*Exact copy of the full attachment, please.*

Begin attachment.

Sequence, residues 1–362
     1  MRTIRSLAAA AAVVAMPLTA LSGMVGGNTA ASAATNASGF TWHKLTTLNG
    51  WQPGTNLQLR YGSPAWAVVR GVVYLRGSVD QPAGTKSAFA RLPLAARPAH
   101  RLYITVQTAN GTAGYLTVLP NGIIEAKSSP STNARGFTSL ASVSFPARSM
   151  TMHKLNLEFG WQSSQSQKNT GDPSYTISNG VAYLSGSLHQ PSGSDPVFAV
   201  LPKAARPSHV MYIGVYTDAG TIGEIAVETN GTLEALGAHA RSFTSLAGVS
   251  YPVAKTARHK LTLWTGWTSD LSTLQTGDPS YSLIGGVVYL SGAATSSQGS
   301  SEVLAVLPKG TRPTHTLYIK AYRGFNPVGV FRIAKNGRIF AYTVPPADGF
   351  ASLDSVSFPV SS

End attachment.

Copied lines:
Sequence, residues 1–362
     1  MRTIRSLAAA AAVVAMPLTA LSGMVGGNTA ASAATNASGF TWHKLTTLNG
    51  WQPGTNLQLR YGSPAWAVVR GVVYLRGSVD QPAGTKSAFA RLPLAARPAH
   101  RLYITVQTAN GTAGYLTVLP NGIIEAKSSP STNARGFTSL ASVSFPARSM
   151  TMHKLNLEFG WQSSQSQKNT GDPSYTISNG VAYLSGSLHQ PSGSDPVFAV
   201  LPKAARPSHV MYIGVYTDAG TIGEIAVETN GTLEALGAHA RSFTSLAGVS
   251  YPVAKTARHK LTLWTGWTSD LSTLQTGDPS YSLIGGVVYL SGAATSSQGS
   301  SEVLAVLPKG TRPTHTLYIK AYRGFNPVGV FRIAKNGRIF AYTVPPADGF
   351  ASLDSVSFPV SS